msgs = "ArcPy ERRORS:\n" + arcpy.GetMessages(2) + "\n"

    # Return python error messages for use in script tool or Python Window
    #
    arcpy.AddError(pymsg)
    arcpy.AddError(msgs)

    # Print Python error messages for use in Python / Python Window
    #
    print(pymsg)
    print(msgs)

If the above code was used and a geoprocessing tool error occurred, such an invalid input, this would raise arcpy.ExecuteError, and the first except statement would be used. This statement would print the error messages using the GetMessages function. If the same code was used, but a different type of error occurred, the second except statement would be used. Instead of printing geoprocessing messages, it gets a traceback object and prints the appropriate system error messages.

The table below shows the expected errors that result from three different lines of codes that could be substituted into the code above. The first is a geoprocessing tool error, which prints out the traceback information and the geoprocessing error messages. The second and third examples are not specifically caught and print only the traceback information.

Your codeResulting error

arcpy.GetCount_management("")

PYTHON ERRORS:
Traceback info:
  File "c:\temp\errortest.py", line 10, in <module>
    arcpy.GetCount_management("")

Error Info:
Failed to execute. Parameters are not valid.
ERROR 000735: Input Rows: value is required
Failed to execute (GetCount).

ArcPy ERRORS:
Failed to execute. Parameters are not valid.
ERROR 000735: Input Rows: value is required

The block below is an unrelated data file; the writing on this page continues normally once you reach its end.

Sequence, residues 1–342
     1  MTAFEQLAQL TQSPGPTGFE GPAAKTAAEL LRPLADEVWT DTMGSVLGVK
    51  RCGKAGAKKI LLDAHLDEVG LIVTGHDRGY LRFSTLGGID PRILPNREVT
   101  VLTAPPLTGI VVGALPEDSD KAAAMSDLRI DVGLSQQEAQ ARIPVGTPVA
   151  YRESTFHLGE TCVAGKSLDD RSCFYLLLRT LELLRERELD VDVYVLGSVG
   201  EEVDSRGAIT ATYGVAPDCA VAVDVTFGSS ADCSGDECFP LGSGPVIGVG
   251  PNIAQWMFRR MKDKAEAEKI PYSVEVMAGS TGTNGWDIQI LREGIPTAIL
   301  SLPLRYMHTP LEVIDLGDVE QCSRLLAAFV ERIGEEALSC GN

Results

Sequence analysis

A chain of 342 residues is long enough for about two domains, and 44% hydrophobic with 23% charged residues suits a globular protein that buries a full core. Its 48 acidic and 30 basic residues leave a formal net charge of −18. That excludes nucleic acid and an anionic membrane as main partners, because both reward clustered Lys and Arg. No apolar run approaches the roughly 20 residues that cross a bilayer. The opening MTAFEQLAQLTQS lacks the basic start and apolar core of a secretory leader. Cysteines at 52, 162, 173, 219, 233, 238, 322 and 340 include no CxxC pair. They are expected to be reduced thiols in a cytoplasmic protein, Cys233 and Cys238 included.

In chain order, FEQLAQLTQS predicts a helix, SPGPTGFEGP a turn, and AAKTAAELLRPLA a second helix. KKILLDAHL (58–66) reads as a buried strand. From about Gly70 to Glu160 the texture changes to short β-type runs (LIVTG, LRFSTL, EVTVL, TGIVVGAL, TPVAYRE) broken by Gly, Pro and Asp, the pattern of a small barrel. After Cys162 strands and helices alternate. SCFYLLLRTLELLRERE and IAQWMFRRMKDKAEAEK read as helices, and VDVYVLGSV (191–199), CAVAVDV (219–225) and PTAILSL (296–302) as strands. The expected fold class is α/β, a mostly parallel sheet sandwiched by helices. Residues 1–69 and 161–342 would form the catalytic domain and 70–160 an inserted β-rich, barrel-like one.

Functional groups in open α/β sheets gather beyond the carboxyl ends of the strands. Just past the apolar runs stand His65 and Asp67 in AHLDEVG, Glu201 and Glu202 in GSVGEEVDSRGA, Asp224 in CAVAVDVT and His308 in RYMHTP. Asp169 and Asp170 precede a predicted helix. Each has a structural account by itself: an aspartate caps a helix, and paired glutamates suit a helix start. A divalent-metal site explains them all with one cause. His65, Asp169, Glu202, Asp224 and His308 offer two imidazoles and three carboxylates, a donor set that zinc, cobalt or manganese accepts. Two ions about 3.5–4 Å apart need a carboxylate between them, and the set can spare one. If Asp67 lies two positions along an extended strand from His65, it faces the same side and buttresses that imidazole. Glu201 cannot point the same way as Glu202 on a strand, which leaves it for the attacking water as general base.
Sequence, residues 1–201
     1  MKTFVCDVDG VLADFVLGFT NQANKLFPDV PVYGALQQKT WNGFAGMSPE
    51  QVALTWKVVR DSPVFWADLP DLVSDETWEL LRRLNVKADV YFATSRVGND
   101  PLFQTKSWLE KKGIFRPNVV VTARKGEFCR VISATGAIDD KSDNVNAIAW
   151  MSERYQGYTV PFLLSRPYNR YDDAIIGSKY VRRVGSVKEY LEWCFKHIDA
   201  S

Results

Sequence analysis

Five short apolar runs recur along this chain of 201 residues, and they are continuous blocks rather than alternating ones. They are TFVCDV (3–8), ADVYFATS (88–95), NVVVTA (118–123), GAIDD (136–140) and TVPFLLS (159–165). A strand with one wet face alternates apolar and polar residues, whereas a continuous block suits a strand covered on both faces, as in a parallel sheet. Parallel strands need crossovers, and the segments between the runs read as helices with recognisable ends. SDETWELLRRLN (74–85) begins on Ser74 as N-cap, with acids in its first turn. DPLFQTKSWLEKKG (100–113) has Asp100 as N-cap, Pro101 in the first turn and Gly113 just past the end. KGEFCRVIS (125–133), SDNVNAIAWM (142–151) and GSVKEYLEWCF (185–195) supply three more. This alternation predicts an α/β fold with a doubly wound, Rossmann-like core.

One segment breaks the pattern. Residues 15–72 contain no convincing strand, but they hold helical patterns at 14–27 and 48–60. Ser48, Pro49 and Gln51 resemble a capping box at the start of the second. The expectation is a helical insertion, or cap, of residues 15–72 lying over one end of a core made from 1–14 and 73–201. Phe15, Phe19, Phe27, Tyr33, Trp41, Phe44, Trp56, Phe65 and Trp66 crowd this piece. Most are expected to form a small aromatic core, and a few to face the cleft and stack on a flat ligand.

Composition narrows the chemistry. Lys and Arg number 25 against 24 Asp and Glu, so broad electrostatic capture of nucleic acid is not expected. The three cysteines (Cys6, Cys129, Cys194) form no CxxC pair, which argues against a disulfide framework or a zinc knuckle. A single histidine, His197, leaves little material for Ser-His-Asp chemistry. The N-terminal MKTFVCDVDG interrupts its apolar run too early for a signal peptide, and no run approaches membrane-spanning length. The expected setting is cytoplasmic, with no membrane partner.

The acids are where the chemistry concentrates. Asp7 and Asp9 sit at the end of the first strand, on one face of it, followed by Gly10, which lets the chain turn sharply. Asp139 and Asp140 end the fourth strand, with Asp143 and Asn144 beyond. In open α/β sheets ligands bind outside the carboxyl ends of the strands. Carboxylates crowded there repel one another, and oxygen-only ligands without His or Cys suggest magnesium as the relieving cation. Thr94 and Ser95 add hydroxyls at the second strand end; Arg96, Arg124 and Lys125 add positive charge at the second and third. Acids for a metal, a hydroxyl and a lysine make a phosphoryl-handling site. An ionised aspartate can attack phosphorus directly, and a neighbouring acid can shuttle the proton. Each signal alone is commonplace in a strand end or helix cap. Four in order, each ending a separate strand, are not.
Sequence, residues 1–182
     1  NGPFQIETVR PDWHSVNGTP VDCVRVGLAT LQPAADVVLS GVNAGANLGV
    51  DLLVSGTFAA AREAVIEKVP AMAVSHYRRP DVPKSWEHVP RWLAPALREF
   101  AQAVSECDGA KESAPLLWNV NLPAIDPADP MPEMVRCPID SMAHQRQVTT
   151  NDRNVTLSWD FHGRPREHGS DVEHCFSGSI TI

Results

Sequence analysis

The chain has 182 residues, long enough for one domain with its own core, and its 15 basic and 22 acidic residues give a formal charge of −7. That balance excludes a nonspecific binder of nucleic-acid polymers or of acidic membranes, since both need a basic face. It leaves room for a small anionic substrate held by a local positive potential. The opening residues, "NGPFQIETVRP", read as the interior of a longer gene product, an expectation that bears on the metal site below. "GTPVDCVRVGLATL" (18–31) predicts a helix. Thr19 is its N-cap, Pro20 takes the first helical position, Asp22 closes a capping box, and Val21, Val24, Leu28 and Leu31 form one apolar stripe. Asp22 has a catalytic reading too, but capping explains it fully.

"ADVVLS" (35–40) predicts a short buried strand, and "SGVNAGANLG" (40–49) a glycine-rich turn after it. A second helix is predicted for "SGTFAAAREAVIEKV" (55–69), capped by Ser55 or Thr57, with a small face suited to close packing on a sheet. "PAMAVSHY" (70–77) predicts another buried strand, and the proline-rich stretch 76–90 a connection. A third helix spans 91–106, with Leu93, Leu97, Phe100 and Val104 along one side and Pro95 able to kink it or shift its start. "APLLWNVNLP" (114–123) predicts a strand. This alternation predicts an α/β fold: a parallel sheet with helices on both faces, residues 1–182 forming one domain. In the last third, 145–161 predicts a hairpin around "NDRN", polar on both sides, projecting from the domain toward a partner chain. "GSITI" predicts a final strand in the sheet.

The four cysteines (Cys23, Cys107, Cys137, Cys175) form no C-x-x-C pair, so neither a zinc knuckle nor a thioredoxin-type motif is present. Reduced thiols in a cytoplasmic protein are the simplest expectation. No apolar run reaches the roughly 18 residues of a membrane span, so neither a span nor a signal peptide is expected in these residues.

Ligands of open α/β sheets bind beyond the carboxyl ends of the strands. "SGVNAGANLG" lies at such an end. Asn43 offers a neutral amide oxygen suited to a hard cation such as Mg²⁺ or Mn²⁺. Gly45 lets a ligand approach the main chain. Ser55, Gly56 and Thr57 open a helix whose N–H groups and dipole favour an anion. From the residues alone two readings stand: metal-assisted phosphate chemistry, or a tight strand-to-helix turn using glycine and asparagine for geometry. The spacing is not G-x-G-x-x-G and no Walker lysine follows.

Failed to execute (GetCount).

x = "a" + 1

PYTHON ERRORS:
Traceback info:
  File "c:\temp\errortest.py", line 10, in <module>

    x = "a" + 1

Error Info:
cannot concatenate 'str' and 'int' objects

float("a text string")

PYTHON ERRORS:
Traceback info:
  File "c:\temp\errortest.py", line 10, in <module>

    float("a text string")
Error Info:
invalid literal for float(): a text string

Error results

Getting error messages from a result object

A quick word about the Result object, shown below:

result = arcpy.GetCount_management("c:/data/rivers.shp")

If the call to GetCount_management raises an exception, the Result object is not created. This means you cannot retrieve error messages from the Result object.

import arcpy

try:
    result = arcpy.GetCount_management("c:/data/rivers.shp")

# Return Geoprocessing specific errors
# (this method is incorrect!)
except arcpy.ExecuteError:
    arcpy.AddError(result.getMessages(2))

The above code fails with the message name 'result' is not defined. This is because the Result object could not be created due to the tool's failure. Since the Result object is not created, a Python error is raised when trying to use the getMessages method.

Note:

A Result object created by calling a geoprocessing service on ArcGIS Server is created even with a tool failure. A Result object only fails to be created when a tool runs locally and it raises an error. For more information about using the result object, see Getting results from a geoprocessing tool.